The future of democracy needs a new kind of leader

Technology Eye | Nov. 29, 2016

“The problem that we have is not globalization. The problem is a lack of global governance , a lack of means to address global issues.” says Professor Klaus Schwab, founder of the World Economic Forum. “A significant part of the global elite lost the sense of solidarity when it was needed more than ever before. We’re living in a world of transparency and such a world cannot tolerate too much inequality.”

Today’s global challenges – such as a chronically low growth and unequal economy, disruptive new technologies and, on a more fundamental level, the search for identity – require a new set of skills from our leaders. Specifically, they require the ability to democratize the political process, to empower others, without absolving themselves of responsibility.

This is where “systems leadership” comes in. Based on the notion that complex problems cannot be solved from a single perspective alone, this type of leadership requires a willingness to include a vast and diverse range of interest groups in the decision-making process. It takes an understanding of the big picture – of the “system” – and an aspiration to create, not just react to, changes.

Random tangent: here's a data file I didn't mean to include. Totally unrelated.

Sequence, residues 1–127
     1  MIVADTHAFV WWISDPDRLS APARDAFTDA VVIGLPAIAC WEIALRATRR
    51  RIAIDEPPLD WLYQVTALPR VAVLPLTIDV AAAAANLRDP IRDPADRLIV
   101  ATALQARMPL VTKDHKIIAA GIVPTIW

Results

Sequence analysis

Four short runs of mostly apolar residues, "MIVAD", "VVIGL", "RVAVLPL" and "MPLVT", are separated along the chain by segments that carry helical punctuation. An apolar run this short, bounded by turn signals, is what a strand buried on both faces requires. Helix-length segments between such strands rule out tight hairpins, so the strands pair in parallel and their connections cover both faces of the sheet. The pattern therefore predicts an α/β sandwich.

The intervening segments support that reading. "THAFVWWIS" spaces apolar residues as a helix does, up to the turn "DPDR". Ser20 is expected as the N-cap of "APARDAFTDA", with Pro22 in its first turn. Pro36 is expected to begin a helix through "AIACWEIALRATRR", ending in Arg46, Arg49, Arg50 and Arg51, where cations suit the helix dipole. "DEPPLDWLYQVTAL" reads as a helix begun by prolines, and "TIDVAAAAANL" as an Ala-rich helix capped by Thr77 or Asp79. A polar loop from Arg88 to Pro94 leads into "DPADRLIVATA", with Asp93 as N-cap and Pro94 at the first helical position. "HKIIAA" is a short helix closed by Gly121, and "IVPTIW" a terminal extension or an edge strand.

But as much as systems leaders empower and include individuals – engaging them in decision-making processes, opening up access to new technologies and basic goods – they still take ultimate responsibility for the decisions that affect society as a whole.

How do we democratize decision-making?

Increasing the engagement of citizens in the policy-making process, beyond the current forms of privileged engagement with organized interests and lobbying, would enable citizens to develop a sense of ownership and get a better understanding of the complexities and trade-offs of public challenges, says Professor Alberto Alemanno, a proponent of deliberative democracy and founder of the Good Lobby , an organization that connects skilled citizens with NGOs, elected representatives and public administrations.